0
$\begingroup$

So, I am analysing 18S amplicon data (fastq files) to be able to eventually investigate the taxa composition.

After removing primers (using cutadapt) from both R1 and R2 (assuming primers are found at the beginning of my sequences), I am still able to detect, apparently at random, a few reads that contain my primers (i.e. a part of the sequence matching the primer) in, again apparently random, positions.

I am able to detect almost all my primers (16 out of 24, both forward and reverse) in at least one sequence and I am wondering how common (or how weird) this is. I guess it is important to consider that my primers contains a few, i.e. from 1 to 3, wild-card bases that may match multiple other bases (apparently called whobble bases), which makes it easier to match a random sequence (there are multiple possibilities for an actual match).

Problem is that the presence of primers in the sequences may affect downstream analyses (e.g. with DADA2 they are very clear about the fact that primers have to be removed) in several ways and I was wondering if these sequences I am finding may be interfering somehow of if I can live with it.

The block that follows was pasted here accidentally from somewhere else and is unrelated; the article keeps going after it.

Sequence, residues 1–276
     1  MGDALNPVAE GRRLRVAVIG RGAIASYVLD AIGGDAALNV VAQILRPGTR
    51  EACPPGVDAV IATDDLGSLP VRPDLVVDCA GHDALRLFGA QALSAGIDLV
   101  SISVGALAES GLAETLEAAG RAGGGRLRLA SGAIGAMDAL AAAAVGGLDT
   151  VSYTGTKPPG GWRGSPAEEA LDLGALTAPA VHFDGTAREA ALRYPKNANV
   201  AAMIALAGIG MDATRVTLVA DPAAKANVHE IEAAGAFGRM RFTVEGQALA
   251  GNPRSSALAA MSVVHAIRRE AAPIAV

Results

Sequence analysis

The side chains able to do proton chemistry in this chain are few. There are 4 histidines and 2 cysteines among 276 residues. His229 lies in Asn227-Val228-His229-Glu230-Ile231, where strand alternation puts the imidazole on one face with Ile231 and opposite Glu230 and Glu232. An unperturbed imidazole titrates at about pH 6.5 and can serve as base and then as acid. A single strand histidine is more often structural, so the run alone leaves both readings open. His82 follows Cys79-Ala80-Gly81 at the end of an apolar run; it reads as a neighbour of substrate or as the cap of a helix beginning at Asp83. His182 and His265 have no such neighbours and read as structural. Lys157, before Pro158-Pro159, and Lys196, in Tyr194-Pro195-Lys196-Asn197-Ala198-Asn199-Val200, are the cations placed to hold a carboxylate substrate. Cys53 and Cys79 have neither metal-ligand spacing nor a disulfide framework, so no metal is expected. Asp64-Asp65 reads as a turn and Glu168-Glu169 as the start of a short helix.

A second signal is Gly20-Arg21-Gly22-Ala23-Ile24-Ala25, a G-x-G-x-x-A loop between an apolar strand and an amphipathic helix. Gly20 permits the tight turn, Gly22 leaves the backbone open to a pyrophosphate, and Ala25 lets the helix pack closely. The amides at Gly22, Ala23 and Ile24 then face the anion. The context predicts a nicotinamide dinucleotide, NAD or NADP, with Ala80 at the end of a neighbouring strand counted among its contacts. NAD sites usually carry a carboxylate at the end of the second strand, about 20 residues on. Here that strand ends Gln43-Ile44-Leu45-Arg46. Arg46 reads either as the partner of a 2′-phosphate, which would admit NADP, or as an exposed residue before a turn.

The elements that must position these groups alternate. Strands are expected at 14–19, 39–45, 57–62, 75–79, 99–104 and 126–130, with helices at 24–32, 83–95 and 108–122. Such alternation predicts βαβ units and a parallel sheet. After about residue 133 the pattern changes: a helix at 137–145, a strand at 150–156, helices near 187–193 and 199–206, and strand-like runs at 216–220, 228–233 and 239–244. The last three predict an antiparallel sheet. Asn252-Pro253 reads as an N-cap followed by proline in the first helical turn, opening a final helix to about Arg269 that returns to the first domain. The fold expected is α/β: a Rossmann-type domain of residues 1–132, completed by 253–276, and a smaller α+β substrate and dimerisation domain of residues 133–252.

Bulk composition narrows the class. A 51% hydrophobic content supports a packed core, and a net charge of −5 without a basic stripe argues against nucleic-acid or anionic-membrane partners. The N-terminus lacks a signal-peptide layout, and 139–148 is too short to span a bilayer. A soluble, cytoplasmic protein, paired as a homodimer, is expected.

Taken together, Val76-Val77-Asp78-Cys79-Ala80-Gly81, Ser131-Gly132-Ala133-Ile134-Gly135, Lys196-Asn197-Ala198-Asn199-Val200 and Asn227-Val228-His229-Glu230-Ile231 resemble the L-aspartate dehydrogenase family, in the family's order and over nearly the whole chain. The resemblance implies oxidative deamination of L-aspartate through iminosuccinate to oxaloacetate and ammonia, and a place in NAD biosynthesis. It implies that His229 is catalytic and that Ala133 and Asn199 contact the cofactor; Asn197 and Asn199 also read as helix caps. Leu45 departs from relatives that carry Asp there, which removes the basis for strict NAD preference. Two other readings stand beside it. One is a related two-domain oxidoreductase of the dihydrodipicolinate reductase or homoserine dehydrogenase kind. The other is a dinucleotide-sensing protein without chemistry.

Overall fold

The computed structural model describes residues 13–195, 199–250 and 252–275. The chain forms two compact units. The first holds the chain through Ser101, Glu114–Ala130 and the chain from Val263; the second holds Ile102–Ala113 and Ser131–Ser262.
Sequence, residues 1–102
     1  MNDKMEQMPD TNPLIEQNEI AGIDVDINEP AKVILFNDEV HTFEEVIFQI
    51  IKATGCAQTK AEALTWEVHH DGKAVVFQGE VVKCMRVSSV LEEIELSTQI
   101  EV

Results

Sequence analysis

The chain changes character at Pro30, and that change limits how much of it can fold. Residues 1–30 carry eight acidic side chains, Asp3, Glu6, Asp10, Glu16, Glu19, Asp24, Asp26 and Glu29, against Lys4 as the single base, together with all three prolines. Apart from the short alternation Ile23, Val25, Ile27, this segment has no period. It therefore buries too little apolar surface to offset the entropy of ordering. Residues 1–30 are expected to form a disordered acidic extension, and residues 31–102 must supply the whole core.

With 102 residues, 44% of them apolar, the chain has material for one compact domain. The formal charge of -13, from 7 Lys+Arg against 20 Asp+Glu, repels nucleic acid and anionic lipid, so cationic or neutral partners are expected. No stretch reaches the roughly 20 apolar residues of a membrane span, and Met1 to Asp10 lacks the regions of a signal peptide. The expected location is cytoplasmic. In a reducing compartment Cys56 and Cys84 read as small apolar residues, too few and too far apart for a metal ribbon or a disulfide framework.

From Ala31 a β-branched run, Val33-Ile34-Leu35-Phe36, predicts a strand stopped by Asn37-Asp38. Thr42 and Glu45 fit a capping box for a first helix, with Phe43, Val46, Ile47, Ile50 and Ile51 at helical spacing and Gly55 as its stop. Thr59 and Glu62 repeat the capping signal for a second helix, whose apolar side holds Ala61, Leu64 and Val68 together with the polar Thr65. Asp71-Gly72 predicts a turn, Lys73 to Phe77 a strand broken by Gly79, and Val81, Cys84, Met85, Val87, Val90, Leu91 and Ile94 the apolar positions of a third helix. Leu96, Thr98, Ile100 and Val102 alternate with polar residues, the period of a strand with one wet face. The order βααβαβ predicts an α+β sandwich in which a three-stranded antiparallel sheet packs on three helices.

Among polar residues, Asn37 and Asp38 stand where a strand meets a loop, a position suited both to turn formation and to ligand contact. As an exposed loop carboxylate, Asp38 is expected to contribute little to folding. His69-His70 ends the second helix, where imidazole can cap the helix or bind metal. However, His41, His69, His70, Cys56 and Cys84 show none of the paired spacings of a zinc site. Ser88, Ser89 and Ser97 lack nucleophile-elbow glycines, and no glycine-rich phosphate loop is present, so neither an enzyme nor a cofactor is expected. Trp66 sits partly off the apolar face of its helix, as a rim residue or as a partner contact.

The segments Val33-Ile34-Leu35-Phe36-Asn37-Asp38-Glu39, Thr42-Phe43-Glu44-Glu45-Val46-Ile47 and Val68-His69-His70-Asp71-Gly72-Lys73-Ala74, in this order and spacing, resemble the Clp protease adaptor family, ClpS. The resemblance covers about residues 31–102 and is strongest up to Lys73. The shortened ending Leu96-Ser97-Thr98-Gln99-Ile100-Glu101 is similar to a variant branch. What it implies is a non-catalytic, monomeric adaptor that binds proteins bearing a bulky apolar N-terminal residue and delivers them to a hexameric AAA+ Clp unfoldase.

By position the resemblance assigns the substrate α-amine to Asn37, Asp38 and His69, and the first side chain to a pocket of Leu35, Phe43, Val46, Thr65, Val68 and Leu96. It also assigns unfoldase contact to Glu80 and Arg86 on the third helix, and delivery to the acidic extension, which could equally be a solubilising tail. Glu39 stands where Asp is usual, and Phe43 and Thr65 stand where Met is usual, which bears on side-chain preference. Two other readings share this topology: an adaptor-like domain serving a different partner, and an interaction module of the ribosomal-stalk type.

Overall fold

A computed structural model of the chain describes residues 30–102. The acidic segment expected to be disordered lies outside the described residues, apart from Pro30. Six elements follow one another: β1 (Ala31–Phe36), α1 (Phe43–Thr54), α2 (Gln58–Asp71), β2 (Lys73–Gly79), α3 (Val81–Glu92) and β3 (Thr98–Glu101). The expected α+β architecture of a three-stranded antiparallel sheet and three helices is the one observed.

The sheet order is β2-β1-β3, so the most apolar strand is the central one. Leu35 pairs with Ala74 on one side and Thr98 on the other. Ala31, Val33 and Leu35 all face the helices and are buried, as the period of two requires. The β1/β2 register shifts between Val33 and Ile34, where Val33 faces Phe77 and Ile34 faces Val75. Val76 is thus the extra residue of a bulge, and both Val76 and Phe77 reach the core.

$\endgroup$
4
  • $\begingroup$ The primers will be at the 3'-end of the reads. Make sure you check for them there. $\endgroup$
    – Devon Ryan
    Aug 23 at 9:43
  • $\begingroup$ @DevonRyan yes, that I know and that I did so no primers at 3'. I guess it just happens to find them inside the reads, as random matches, but I wasn't expecting that many actual matches. I guess it's statistics, then. $\endgroup$
    – gabt
    Aug 23 at 10:54
  • $\begingroup$ Interesting, have you tried to map a read with a sequence matching a primer to the reference, or even simply blasting it? Does the reference contain the "primer sequence"? ("" as we don't know if it's a homologous sequence or not) $\endgroup$
    – Kamil S Jaron
    Aug 30 at 14:25
  • $\begingroup$ @KamilSJaron apparently this is something that should not be happening and I'm trying to understand why it does. $\endgroup$
    – gabt
    Sep 1 at 8:03

Your Answer

By clicking “Post Your Answer”, you agree to our terms of service, privacy policy and cookie policy

Browse other questions tagged or ask your own question.